Overcoming barriers to achieving greater diversity in the legal sector and developing inclusive capabilities will require many law firms to introduce change – to do things differently.

This may affect how your organisation recruits, develops and promotes staff, as well as how you bid for and undertake client work.

Clients are actively seeking diversity reflective of society and inclusivity of all characteristics. A lack of diversity at pitch meetings, for example, is distinctly noticeable and can negatively impact your chance of success.

Increased diversity within your workforce, changes to processes and procedures and behaviours at work need to be championed from the top of your organisation by partners and other senior leaders.

There are many skills and behaviours which are key to inclusive leadership.

Adaptability in ways of working and utilising team strengths

Inclusive leaders should acknowledge the diversity among the people they work with and manage.

They should be comfortable with using different and flexible approaches to get the best results and the most from their team.

They should be skilled at adapting their style to complement others, shifting cultural perspective in authentic ways.

Building a diverse talent pipeline

Inclusive leaders should understand their own role and responsibilities in seeking out and supporting the development of the best talent from a range of backgrounds.

They are key to ensuring that the business has the range of diverse talent it needs and should be an active part in this process.

Curating innovation and practicing empathy

Inclusive leaders should be well versed in creating a working environment that fosters innovation – encouraging everyone in a team to share ideas, feel valued and have a voice.

They also need to be adept at managing differences, reconciling different viewpoints and challenging in a respectful and appropriate way.

It’s also important that leaders are compassionate and empathetic to their employees and recognise that each employee  has different experiences, characteristics, responsibilities and challenges.

Building psychologically safe environments

Leaders have a responsibility to create a culture which encourages and welcomes employees and peers alike to behave authentically and discuss challenges and issues openly, without fear of blame or retribution.

Leaders must be willing to acknowledge and navigate the power dynamic between themselves and their employees, and how this impacts on employees' willingness to speak openly to them.

They need to be skilled in asking questions and creating an environment in which people feel psychologically safe.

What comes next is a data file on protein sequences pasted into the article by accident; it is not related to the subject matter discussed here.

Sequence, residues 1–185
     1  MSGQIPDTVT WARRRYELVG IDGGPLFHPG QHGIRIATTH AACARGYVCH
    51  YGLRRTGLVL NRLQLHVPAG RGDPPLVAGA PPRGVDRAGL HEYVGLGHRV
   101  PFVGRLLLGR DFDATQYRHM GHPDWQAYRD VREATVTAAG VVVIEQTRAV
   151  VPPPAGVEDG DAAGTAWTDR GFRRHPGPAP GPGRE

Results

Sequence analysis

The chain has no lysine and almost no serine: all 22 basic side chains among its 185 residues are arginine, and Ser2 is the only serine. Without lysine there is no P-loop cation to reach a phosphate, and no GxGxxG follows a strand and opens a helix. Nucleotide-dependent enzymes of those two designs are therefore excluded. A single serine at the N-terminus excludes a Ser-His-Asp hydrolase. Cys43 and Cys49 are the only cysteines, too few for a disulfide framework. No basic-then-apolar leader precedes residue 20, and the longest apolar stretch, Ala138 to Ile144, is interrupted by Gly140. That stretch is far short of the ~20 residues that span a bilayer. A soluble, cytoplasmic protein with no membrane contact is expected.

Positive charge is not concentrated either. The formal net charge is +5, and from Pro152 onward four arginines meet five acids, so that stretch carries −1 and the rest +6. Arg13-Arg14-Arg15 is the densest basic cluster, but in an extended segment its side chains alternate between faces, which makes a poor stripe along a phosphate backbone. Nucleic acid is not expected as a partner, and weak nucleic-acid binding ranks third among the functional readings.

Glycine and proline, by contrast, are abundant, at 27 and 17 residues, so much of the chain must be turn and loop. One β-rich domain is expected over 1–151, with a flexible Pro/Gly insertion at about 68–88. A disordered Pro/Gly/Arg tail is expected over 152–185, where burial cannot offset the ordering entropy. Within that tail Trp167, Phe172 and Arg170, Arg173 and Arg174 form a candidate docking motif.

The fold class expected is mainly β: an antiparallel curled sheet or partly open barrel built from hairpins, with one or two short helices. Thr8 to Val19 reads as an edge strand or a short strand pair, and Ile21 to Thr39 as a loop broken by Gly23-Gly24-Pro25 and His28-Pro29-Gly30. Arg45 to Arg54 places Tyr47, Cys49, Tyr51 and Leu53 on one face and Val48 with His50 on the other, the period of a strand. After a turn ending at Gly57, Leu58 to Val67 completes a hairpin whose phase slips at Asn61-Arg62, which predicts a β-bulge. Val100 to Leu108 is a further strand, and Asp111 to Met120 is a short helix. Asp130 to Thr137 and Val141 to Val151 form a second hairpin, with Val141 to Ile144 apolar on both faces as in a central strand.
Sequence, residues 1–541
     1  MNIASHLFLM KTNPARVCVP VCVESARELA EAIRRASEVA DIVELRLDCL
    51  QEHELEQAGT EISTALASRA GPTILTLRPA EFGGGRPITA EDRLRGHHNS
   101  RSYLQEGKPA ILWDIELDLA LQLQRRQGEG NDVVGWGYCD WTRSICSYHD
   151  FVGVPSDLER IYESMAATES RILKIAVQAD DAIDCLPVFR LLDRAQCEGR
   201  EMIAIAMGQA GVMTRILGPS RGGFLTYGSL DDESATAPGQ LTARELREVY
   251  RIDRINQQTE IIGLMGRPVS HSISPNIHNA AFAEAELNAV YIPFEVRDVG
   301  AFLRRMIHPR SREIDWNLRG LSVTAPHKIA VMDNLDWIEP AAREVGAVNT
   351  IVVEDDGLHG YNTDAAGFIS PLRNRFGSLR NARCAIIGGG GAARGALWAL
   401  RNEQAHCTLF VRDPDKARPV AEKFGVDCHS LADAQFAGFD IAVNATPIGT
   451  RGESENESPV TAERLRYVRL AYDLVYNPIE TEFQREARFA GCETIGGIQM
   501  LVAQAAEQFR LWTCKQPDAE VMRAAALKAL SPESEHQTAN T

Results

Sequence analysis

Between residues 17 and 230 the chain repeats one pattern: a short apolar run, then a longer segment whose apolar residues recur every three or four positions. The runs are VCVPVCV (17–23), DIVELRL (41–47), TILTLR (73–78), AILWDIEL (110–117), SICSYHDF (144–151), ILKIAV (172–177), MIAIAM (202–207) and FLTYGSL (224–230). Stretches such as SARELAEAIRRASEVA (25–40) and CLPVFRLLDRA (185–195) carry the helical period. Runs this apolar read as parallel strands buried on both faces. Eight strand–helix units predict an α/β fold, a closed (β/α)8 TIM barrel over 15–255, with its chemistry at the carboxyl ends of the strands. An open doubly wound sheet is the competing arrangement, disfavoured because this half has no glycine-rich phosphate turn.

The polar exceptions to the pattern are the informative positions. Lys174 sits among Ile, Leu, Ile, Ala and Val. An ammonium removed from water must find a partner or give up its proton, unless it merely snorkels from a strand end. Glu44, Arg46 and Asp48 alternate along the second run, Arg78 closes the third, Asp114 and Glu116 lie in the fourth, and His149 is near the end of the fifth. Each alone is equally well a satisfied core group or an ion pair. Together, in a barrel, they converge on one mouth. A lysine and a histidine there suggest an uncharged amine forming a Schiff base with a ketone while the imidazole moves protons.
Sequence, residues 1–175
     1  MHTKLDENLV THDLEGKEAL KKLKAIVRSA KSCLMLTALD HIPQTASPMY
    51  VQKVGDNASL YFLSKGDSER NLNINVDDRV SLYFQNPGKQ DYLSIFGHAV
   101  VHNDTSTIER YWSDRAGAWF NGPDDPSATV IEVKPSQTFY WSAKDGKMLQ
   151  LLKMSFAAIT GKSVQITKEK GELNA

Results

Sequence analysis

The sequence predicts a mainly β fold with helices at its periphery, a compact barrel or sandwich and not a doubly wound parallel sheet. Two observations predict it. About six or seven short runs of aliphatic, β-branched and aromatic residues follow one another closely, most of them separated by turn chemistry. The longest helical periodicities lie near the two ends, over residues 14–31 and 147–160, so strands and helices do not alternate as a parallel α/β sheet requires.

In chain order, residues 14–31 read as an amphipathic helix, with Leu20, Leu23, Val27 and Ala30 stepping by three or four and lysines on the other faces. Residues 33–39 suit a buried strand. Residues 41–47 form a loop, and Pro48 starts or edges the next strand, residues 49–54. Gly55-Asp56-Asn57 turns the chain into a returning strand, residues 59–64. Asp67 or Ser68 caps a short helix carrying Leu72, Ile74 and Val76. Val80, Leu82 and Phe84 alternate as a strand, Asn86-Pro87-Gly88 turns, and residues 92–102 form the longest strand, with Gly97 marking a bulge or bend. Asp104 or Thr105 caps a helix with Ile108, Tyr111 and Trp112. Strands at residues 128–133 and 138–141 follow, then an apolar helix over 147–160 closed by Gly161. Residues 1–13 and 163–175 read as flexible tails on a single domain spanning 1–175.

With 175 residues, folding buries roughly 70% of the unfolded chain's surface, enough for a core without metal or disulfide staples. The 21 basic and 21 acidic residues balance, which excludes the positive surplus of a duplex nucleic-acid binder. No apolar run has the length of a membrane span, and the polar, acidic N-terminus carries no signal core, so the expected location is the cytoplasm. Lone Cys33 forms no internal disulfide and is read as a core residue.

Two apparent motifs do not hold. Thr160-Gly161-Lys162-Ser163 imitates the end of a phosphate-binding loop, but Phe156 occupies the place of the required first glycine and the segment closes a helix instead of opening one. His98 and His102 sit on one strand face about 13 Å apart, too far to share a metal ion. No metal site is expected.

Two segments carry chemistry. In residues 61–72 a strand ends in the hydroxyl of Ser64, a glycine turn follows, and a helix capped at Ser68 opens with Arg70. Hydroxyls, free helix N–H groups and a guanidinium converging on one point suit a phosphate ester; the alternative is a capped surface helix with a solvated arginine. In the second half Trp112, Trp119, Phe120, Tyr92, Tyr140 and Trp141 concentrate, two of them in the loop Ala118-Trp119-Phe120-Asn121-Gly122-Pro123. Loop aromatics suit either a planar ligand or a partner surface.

The future

It takes time for change to take place, and while it has been gradual, we have seen diversity within the legal profession improve.

If we all contribute, work together and prioritise diverse, inclusive and equal working environments, we will see positive action.

Suggestions to individuals

  • Consider the extent to which your team reflects diverse backgrounds and how you leverage this to avoid 'group think'
  • Take time to build relationships with your staff, colleagues and clients, and to understand those who may be different from you
  • Build awareness of how unconscious and conscious bias can affect our judgements and what you can do to challenge and minimise its impact
  • Mentor or sponsor someone with high potential from a group under-represented in your firm's leaders

Suggestions to organisations

  • Make sure that decision makers within your organisation are clear on how diversity and inclusion can help your business, and that its role and importance is communicated to all staff. Don't make this a ‘nice to have’ issue but a necessity that supports business success
  • Be clear about the EDI improvements you want to achieve as a firm and create an action plan to achieve them and a set of performance indicators to help you track progress. Make this part of your core business planning and reviewing process. This could include joining external initiatives which offer support, like the Women in Law Pledge
  • Identify and develop the capabilities you need in your firm to create a diverse and inclusive work environment
  • Make diversity and inclusion everyone's responsibility, not just those who are involved with HR work
  • Work with your employees to develop skills and practise behaviours which support diversity and inclusion and allow them to utilise EDI effectively. It’s not easy, although it may come naturally to some, and people, managers and leaders might need practical help and guidance to achieve it


Magnet for talent: Managing diversity as a reputational risk and business opportunity

The Women in Law Pledge